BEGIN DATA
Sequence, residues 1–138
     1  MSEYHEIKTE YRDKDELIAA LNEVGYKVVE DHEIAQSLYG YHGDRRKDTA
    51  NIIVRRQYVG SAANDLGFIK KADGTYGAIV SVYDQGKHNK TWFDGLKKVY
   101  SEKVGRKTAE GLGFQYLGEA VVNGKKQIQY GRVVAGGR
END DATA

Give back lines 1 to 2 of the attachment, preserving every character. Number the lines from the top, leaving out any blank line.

Sequence, residues 1–138
     1  MSEYHEIKTE YRDKDELIAA LNEVGYKVVE DHEIAQSLYG YHGDRRKDTA